Falsettos at Villagers Theatre, NJ – May 2014
The show is closed. It was a wonderful (albeit altogether too short) run. And it is still lingering with me, not just because of the music (brilliant in my opinion) and not just because of the cast that worked on this production (even more brilliant!). It is a story that needs to be told over again – not just as some historical piece (the time portrayed in the show is 1979-1981) nor as some oddity written by the same guy who wrote Spelling Bee. Rather, it must be told again and again because we’ve not gotten it yet.
A recent history too soon forgotten
The time is at the very beginning of the AIDS Crisis … 1981 being the first year the Center’s for Disease Control published reports of men dying. Those of us around during that time remember those days very well – a time that was frightening, unsure, and frustrating. I firmly believe that it was a dark time in our nation’s history; and we still have yet to truly acknowledge the appalling response (or lack of it!) during that time … from the top all the way down. Our political leaders were silent and willfully ignorant; our institutions didn’t have any sense of urgency in finding out what the hell was happening; and even our esteemed scientists seemed to be more in it as a way to gain notoriety than to pursue discovery of its cause and ultimate treatment. Sure, there were charitable organizations and individuals who were generous, kind, diligent, and caring. But our society looked the other way. And we still have yet to come to grips with that recent history.
It’s something that has been relegated to “old history” … a time that we’d rather not own up to. But it was only 33 years ago. That’s not so ancient; that’s not so long ago!
We don’t engage in conversations about that time; and we certainly don’t include any of this in our history books. We are still turning away from this.
Individuals struggling, reconciling, coping, and questioning
What makes Falsettos such a moving show is that it is about individuals during this time. These are characters who struggle with questions of family, friendship, love, life, and death. They are fully realized individuals. We discover who they are and what their hopes and dreams and frustrations are entirely through song, since the show is completely through-sung. The characters are not iconic figures – they don’t represent entire groups or communities – like in other pieces of theater. They are not politically charged. Their motivations and struggles are entirely individual. And that makes them immediately relatable to an audience.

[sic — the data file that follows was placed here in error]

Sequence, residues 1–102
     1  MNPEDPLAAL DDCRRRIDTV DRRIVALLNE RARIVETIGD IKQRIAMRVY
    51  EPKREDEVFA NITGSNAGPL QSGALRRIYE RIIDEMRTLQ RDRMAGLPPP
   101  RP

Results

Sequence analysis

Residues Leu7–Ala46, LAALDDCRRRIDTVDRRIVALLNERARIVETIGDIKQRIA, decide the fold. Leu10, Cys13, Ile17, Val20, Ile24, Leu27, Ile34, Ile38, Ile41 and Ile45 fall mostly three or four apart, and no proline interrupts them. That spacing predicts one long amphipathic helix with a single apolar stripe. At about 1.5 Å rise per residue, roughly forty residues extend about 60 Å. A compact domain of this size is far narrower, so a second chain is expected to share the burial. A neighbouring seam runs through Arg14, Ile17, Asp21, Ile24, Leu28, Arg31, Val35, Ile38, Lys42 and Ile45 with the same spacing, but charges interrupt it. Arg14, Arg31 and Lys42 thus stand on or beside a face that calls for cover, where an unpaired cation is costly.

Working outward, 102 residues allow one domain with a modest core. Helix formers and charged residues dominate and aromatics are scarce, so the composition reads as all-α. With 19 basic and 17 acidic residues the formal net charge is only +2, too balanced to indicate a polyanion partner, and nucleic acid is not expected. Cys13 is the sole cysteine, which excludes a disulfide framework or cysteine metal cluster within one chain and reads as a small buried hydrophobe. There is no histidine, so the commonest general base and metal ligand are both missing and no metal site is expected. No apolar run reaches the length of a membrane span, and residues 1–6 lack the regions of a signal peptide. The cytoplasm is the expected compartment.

Their struggles and questions become our struggles and questions. We have had broken relationships. We ask ourselves the questions about what it takes for us to truly love someone. Well … those questions are all asked in Falsettos. They are difficult questions – ones that we deal with for a lifetime!
And since the characters themselves are individuals muddling through all of this, it poses these questions to us as individuals. We relate to Marvin as he asks, “What would I do?” … As he reflects on the circumstances that led him to this point, we’re being asked to reflect on our own responses to events. What, indeed, would I do? What should I have done? Perhaps that’s why it’s such a challenging show.
It’s about family, friendship, and love
When I was asked, “What is Falsettos about?” my reply has been … It’s about a group – a community – of people who tackle the big questions of family, friendship, life, death, and love. Whether they are gay or straight is not so much the issue – all of the characters are exploring what it means to love someone and to be a family. That Marvin divorces his wife in order to live with his boyfriend is just the catalyst that gets the story going.
And Falsettos doesn’t varnish over any of the characters’ flaws. Each of them are selfish, unforgiving, and petty. Each of them do not realize how poorly they’ve treated others. And yet each character realizes the need to grow in generosity, self-giving, and forgiveness. They realize that who they are is more a matter of their relationships with each other more than what they do. Their success is measured by who they love and care for rather than what they accumulate.
And we still don’t get it
Falsettos is some 22-years ago. And we’ve still not yet grasped it. We are embroiled in arguments over what constitutes a family. We still willingly and willfully place people in the margins of society. We turn away.
A former artistic director of a company for whom I worked once told me, “Theater is not just important. It’s essential because it has the ability like nothing else to wake us up.”
What is it going to take to get us out of the complacent dream that we happily and unthinkingly live in? After all, as one of the characters in Falsettos says: “We’re a teeny-tiny band.” And we, like them, are part of a community, a family. And Marvin asks, “It’s about time, don’t you think?”
I am so grateful to have been a part of this production; and am even more grateful to have worked on such a powerful, witty, meaningful, and important show.